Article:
Pistoia is, quite literally, where trains are made. AnsaldoBreda, the rail transport engineering company, has one of its factories on the outskirts of town, and passengers on the regionale from Pisa to Florence can see a yard full of hollowed out carriages and half-finished locomotives as they bundle past.
The province of Pistoia is also where Mark Cavendish picked up the latest element of his Etixx-QuickStep lead-out train, though rather like a commuter connection on the Tuscan rail network, it’s been a long time coming – seven years, in fact.
Since his early days as a professional, Cavendish has maintained a training base in Quarrata, where his paths often crossed with Fabio Sabatini, a native of nearby Pescia. Both men entered the peloton at roughly the same time – Sabatini joined Milram in 2006 and later that year, Cavendish signed on as a stagiaire at T-Mobile – and quickly struck up a friendship.
Cavendish hit the ground running at the top level, with his four stage wins at the 2008 Tour de France announcing his arrival as the outstanding sprinter of his generation. Sabatini, meanwhile, quietly built up experience as part of Alessandro Petacchi’s lead-out train. It seemed only a matter of time before they were united on the same team, but the circumstances never seemed to fit.
As Cavendish switched from Highroad to Team Sky to Omega Pharma-QuickStep, Sabatini settled into a long, stable sojourn at Liquigas (later Cannondale), where he led out Peter Sagan and Elia Viviani in the sprints and delivered a series of solid displays on the cobbles. The demise of the Cannondale team at the tail end of 2014, however, meant that Sabatini was on the market, and Cavendish wasted little time in persuading Patrick Lefevere to sign him up.
“Mark tried to get me on his team a couple of times. The first time was when he went to Sky in 2012 but it wasn’t possible back then,” Sabatini told Cyclingnews at the Tour de San Luis, his first race in the black jersey of Etixx-QuickStep. “Now it’s happened and I’m very happy that we’re on the same team. He’s a great leader and he’s a great person, with a lovely family.”
At Cannondale, Sabatini at times seemed to act as an almost solo lead-out train, most notably at the 2013 Giro d’Italia, when he seemed to be perennially dragging Elia Viviani into position only for his teammate to be thwarted on each occasion by Cavendish.
“At Cannondale I covered a few different roles because there wasn’t really a lead-out train per se, it was usually just me working for Sagan or Viviani,” Sabatini said. “It was very difficult to do the job properly really, but on this team it feels like everything is perfect because all the elements are so strong.”
Sabatini’s one-man band at Cannondale means that he has experience of covering a variety of roles in the final kilometres. In Argentina this week, the 29-year-old is acting as Cavendish’s last man, but when Etixx-QuickStep is at full strength later in the season, he expects his role to change. Indeed, as Cavendish pointed out frankly after he was again beaten into second on stage 3: “In the end Saba’s not a lead-out man.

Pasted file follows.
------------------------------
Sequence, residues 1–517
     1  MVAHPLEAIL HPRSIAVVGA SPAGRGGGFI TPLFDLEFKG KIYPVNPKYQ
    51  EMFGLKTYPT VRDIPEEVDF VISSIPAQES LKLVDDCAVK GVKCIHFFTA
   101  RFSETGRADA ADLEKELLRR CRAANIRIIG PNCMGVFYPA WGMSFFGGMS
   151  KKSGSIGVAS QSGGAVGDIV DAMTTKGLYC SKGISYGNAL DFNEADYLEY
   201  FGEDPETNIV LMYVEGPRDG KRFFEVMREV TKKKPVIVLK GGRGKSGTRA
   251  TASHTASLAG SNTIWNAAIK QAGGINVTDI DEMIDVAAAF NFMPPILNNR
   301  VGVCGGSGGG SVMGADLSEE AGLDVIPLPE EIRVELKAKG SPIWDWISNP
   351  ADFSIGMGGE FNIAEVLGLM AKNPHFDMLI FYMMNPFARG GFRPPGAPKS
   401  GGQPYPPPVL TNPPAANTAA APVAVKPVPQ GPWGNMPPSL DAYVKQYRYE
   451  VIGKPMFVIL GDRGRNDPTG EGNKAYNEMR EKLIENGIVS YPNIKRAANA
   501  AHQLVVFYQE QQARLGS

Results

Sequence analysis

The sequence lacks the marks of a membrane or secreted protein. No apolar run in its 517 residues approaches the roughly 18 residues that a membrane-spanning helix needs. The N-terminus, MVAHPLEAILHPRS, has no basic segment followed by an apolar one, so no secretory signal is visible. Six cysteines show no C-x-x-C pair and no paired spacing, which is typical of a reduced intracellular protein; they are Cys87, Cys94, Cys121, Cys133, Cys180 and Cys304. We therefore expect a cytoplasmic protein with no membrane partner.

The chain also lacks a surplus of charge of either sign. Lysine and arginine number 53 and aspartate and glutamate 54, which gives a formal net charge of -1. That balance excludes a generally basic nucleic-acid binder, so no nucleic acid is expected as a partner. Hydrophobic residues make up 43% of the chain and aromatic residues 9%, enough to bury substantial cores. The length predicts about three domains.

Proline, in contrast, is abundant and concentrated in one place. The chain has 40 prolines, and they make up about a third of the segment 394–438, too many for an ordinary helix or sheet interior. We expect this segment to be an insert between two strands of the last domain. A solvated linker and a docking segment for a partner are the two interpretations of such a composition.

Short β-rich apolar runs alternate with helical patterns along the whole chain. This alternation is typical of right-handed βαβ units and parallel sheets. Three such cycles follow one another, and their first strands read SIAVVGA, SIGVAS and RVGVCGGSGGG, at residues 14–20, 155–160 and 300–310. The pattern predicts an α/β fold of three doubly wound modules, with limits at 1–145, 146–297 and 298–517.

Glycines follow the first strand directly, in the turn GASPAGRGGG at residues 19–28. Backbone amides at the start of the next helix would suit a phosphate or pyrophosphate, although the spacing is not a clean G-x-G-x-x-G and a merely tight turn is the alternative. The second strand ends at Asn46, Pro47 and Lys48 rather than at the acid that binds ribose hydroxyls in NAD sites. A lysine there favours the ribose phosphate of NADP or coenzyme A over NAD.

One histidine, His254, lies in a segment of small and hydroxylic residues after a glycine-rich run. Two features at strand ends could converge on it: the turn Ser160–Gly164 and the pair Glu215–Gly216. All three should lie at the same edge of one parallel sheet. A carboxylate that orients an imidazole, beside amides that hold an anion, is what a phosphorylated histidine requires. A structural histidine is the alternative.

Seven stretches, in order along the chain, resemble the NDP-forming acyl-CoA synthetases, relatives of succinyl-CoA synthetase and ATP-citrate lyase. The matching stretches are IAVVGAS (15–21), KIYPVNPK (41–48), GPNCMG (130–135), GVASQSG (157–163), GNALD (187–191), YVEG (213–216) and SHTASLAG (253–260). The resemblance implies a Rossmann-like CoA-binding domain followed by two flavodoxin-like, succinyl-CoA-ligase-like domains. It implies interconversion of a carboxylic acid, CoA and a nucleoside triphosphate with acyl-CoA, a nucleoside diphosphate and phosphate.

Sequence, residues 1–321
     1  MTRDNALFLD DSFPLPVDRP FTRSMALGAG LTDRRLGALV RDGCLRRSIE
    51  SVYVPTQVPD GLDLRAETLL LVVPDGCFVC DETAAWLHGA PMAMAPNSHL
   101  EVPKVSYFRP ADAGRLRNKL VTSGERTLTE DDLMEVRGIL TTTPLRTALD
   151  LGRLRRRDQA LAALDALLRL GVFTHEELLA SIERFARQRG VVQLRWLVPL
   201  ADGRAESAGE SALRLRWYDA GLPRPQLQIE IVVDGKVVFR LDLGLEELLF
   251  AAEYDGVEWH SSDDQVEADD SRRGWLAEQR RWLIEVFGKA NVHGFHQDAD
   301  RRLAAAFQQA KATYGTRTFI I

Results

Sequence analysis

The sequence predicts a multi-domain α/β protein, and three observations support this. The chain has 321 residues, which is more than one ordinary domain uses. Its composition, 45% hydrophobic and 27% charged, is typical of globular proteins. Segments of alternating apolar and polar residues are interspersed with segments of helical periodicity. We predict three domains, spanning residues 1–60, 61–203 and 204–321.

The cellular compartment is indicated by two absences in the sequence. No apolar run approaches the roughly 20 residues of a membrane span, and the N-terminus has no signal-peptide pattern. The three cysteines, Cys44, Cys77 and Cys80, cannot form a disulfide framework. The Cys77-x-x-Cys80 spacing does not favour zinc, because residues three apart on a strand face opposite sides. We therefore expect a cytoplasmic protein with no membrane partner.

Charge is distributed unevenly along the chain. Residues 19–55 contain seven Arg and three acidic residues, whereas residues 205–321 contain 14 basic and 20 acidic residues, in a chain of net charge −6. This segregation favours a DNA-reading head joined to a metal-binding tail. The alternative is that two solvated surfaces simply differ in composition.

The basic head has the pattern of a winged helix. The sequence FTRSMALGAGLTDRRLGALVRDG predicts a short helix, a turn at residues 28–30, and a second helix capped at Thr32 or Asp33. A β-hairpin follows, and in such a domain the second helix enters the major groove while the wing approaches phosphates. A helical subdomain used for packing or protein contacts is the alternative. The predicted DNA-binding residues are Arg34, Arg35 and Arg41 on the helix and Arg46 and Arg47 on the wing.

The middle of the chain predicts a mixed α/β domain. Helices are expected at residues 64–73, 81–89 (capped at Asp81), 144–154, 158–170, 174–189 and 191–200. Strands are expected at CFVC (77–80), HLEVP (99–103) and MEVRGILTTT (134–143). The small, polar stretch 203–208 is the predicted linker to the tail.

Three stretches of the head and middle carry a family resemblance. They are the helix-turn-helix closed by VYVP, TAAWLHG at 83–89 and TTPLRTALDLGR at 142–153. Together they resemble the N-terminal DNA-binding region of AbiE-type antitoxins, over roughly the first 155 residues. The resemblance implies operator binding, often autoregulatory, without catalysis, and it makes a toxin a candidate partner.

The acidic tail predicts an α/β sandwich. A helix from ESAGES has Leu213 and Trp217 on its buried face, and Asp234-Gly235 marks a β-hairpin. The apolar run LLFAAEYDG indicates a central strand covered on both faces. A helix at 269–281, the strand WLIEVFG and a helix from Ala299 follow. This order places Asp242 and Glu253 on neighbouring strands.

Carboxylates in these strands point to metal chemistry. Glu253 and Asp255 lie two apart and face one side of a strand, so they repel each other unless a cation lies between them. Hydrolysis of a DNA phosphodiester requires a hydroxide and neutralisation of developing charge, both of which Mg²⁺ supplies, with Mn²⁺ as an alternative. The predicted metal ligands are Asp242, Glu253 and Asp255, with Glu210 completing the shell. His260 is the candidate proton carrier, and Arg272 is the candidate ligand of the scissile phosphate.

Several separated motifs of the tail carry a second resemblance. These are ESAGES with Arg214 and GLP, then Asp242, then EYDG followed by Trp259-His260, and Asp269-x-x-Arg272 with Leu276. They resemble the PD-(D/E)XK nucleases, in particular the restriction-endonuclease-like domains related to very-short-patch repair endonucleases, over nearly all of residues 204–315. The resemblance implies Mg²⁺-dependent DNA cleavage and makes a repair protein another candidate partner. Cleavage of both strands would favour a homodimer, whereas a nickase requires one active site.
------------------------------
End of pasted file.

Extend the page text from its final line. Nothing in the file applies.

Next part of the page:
“Obviously there’s a fundamental man missing from the train here and that’s Mark Renshaw,” Sabatini said. “When he’s in the team I’ll be the second last man, just before Renshaw, so he’ll be the one who’ll lead out Mark in the sprints.”
Sabatini has ambitions of riding in the cobbled classics this spring but is fully aware that earning a place on the QuickStep roster on the first two Sundays in April is almost a victory in itself. He is certain, however, to be part of Cavendish’s guard at Milan-San Remo, and he believes that the return to the traditional finale on the Via Roma after an eight-year hiatus can only be a positive.
“It’s a kilometre less from the top of the Poggio to the Via Roma but I think the finish on Via Roma is actually better for Mark,” he said. “He’ll certainly get stronger on the climbs over the coming months too. Of course, it’s going to be difficult for the sprinters to get back together after the Poggio, but he’ll certainly be very strong at Milan-San Remo.”
Somewhat ironically, the chaos in the frantic moments that follow the plunge from the top of the Poggio is such that the concept of a lead-out train is almost redundant at La Classicissima. As Luca Paolini demonstrated in setting up Alexander Kristoff’s victory last year, just one very cool head can make all the difference.
“You only need two men for the finale of Milan-San Remo, it’s not difficult. In fact, I’d say that it’s the easiest race of the year in many respects because it’s the sheer length of it that makes the difference. If you’re going well, you’ll be in front,” Sabatini said. “There’s no real possibility or need for a train. Obviously, the more of us up there the better, but I think two men with Cav will be enough. And then we can’t forget that we’ve got [Michal] Kwiatkowski as well as another option…”
Sabatini’s first outing as part of Cavendish’s team has yet to yield a victory, with Colombian youngster Fernando Gaviria twice denying the Manxman, in Villa Mercedes on stage one and in Juana Koslay on stage three.
“It was difficult on Monday because there weren’t enough banners to tell us how many kilometres were left to race, and then Mark didn’t see the 200 metres to go banner either and he left it late to go,” Sabatini said, and then shrugged. “But that was first sprint of the year. The important thing is that we showed that the team is united and strong.”
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